Repost from

Modern life is weird.

For the more privileged among us, the options of what we could do with our time grow exponentially by the year, by the day. My interests are infinite, and I’m lucky to have both the wits and the means to follow just about any of them. Meanwhile, I and many of my peers are too busy doomscrolling our lives away in ennui and overwhelm as that we’d find the time to seize a mere fraction of all the unprecedented opportunities we have.

We suffer crippling decision paralysis.

But slowly, I’m learning to deal with that.

A heuristic I lately found immensely useful for not getting crushed by the radical uncertainty of all these possibilities is:

Tend to your clarity, not your confusion.

Four examples:


I’ve grown sick of Berlin.

The constant noise. The rainbow palette of smells one more disgusting than the other. The gunky subway seats better not to take a close look at. The gray. The dark. The legions of homeless one looking more woeful than the other because how couldn’t they when being more miserable than the other guy is what gives them a competitive edge. The techno parties sex parties drug parties that you need to buy your way into if you still want to feel something after having numbed your senses enough to bear the rest of city life.

I have enough of that.

Following that conviction, I’ve spent the days and nights of my past two weeks frantically researching careers closer to nature. Vegetable gardening, environmental education, or just doing what I’m already doing in a more rural area.

And, I did all of that crumpled up inside a tiny city apartment, procrastinating the liberation of getting the fuck out just a little bit longer. Of course, this research wasn’t completely useless. But a quarter as much googling would have sufficed just fine.

I followed the confusion and dissatisfaction of not being in nature, and what I got was more confusion and dissatisfaction in trying to map out the perfect career from first principles.

Instead, I could have 80/20’d the research, connected to my clarity, my need for nature here and now, and asked Google Maps for the quickest way to the next forest.


For years, whenever I didn’t touch my meditation cushion for a couple days, I would wonder why the hell I do this zen thing that is good for nothing in the first place. Why waste time on the cushion when I could also just put in the work to finally one day turn my fantasies of greatness and perfect love into reality?

Whenever I would get off the cushion, or home from a retreat, I’d feel deeply alive and in touch with myself and the world. Right here and now, no need for petty achievements to license me feeling good. Then, zazen seemed like the most precious use of time there is.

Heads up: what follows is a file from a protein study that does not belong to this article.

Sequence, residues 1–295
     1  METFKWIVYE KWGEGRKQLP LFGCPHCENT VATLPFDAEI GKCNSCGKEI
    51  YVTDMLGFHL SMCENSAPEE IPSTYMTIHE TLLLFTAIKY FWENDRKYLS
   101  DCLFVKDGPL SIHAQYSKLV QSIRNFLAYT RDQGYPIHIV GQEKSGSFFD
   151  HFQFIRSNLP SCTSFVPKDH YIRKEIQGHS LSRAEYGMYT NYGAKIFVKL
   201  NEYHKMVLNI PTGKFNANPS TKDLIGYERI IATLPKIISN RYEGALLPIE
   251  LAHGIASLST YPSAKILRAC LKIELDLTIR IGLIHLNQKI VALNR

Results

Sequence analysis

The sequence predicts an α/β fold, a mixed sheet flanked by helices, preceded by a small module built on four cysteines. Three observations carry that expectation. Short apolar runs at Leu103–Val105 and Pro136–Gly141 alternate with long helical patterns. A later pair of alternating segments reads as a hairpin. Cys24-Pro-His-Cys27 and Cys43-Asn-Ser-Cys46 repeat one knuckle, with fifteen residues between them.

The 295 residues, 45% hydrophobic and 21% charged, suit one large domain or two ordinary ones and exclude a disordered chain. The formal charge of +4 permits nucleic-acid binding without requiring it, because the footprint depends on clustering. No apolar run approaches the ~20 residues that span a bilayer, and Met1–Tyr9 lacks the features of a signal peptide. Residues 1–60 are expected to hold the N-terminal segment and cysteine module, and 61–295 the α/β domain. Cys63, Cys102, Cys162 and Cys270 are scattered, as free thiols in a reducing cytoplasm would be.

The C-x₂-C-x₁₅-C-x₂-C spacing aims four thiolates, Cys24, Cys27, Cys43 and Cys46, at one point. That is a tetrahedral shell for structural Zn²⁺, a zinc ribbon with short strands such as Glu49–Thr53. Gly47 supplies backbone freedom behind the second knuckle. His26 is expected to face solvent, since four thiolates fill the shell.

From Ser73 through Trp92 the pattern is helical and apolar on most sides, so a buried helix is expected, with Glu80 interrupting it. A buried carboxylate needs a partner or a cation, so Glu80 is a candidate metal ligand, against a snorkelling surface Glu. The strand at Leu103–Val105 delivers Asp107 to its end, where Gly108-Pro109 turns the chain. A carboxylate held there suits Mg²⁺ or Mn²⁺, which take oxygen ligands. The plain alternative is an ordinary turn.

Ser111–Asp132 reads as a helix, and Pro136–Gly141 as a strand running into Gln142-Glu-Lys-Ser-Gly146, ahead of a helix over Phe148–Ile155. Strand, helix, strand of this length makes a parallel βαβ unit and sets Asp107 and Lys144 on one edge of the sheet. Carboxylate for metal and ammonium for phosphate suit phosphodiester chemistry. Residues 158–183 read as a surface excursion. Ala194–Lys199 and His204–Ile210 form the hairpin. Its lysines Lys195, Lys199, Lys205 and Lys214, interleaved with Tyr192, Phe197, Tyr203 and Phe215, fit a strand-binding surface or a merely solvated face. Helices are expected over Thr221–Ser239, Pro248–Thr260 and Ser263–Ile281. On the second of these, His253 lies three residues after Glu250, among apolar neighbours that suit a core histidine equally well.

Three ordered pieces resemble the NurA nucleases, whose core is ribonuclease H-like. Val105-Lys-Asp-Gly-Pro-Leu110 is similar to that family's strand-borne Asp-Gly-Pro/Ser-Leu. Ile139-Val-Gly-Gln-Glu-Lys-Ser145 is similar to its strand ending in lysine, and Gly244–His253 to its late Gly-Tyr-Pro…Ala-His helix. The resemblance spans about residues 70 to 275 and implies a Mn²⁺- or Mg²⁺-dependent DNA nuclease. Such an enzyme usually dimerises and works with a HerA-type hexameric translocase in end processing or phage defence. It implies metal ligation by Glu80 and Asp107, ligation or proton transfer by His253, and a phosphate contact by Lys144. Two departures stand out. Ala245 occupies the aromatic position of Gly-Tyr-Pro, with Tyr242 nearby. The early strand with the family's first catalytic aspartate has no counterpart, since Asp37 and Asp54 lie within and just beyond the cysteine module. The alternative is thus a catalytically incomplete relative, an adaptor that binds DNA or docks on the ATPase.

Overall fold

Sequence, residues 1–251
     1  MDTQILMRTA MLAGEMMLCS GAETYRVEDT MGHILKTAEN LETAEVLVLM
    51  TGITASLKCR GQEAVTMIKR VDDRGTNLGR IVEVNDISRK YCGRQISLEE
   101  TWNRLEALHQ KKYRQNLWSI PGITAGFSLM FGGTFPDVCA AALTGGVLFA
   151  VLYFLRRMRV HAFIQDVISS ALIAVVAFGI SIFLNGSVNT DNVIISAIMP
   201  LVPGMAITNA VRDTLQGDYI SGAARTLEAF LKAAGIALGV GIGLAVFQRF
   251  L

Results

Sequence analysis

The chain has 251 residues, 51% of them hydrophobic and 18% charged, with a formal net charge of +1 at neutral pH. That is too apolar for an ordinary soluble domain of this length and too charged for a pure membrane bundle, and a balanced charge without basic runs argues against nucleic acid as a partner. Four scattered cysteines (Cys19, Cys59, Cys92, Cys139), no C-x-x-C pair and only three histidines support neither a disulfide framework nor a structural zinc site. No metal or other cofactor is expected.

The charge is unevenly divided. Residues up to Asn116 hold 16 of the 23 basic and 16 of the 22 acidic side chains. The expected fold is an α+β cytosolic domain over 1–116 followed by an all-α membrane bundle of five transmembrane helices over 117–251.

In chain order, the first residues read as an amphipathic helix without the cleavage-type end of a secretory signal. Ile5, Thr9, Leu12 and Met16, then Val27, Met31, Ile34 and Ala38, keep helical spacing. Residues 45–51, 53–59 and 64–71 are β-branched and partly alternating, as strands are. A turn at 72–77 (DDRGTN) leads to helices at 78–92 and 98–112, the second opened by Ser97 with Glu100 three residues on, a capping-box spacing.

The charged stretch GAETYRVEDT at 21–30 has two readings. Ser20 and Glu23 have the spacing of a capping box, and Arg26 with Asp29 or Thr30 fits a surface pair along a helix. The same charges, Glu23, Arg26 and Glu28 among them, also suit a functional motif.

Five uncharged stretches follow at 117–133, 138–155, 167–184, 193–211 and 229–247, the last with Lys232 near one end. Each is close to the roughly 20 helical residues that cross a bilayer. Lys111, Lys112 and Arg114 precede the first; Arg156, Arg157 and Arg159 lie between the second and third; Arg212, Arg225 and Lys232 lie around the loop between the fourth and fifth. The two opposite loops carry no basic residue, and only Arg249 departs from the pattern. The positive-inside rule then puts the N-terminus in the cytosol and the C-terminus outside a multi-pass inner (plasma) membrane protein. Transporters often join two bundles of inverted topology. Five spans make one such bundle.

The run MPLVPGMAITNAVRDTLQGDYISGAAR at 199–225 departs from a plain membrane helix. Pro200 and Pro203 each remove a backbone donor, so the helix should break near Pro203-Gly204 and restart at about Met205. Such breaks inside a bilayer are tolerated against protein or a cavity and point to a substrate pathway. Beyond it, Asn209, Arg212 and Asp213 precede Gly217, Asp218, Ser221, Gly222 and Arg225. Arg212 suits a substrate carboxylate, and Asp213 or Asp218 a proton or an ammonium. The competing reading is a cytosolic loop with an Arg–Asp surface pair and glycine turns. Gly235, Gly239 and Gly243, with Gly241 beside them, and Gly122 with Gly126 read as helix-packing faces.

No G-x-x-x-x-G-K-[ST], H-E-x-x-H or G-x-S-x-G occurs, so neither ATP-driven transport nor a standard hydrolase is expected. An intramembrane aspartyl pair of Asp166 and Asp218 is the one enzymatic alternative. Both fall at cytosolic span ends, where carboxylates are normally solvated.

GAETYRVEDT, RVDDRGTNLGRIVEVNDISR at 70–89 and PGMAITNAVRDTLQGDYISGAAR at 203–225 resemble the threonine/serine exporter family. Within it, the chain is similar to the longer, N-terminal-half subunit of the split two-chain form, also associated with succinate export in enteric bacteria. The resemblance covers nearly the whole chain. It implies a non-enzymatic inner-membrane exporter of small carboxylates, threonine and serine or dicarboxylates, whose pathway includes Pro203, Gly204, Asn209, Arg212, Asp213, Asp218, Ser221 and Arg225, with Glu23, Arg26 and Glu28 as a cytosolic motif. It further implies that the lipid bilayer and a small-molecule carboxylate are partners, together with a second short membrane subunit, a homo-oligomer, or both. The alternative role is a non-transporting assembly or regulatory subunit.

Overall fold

I got the solution for all my problems right here under my butt. But I still decide to rub myself in woes all over every day all day. Because confusion and frustration is addictive. 

"just one more thought bro and everything will be ok, we'll figure everything out with just one more thought bro, just one more and everything will be perfect, just one more thought bro"


During the third night of the retreat when I temporarily broke my brain with Ayahuasca, I noticed pretty quickly that I already had enough of cringefest and confronting my biggest fears after the first two nights. That it’s time for a break.

Of course, I only concluded that one hour into the journey when the DMT aliens had already placed me on their examination table to evaluate whether I’m worthy or whatever.


I was tired to death, nauseous, had months worth of integration to do already. And as if that wasn’t enough - I also suddenly grew a bit paranoid about the cult I had joined for this adventure being, well, maybe a bit of a cult. So I lost trust in all the local guides (who are wonderful people), and had to handle my business on my own.

So I negotiated my way out of the ceremonial room, fetched a fat blanket, lay down under the moonlit clouds, and started thinking.

I’m laying here on a table at the retreat I signed up for. There’s clouds above me. I’m tripping pretty hard. I’ll still be tripping for at least another five hours. That is not gonna change, that is nothing I can debate away. I’m physically safe, as long as I don’t leave or try to eat something. I can’t and shouldn’t go anywhere. I don’t feel comfortable around any of the people inside. But I can just stay here. Breathe. Listen to the birds. Breathe. Look at the patterns in the clouds. Breathe. Soon enough it will be over. But that’s not now. Now is just breathing. Breathe.

And thus, tending to my clarity through listing all the facts of the situation I got myself into, I got myself back together and had a less than terrible rest of the night.

Eventually, I even enjoyed listening to the bird songs outside and the psychedelic songs inside.


Researching what makes psychotherapy effective, Eugene Gendlin found a tremendously powerful predictor. It is not the method used, nor the quality of the therapist-patient relationship; it is how often the patient pauses during the session, introspects, says “mmmmh” and “aaaaah” and grapples for words, trying to articulate something yet unsayable.

As Gendlin put it later: What makes therapy successful is when the patient connects to a murky felt sense at the center of their body where verbalized and intuitive knowledge are intertwined.

After seeing the success rates of patients who accidentally knew how to connect to their felt sense, Gendlin developed a method for teaching these mental motions to people who don’t do them intuitively.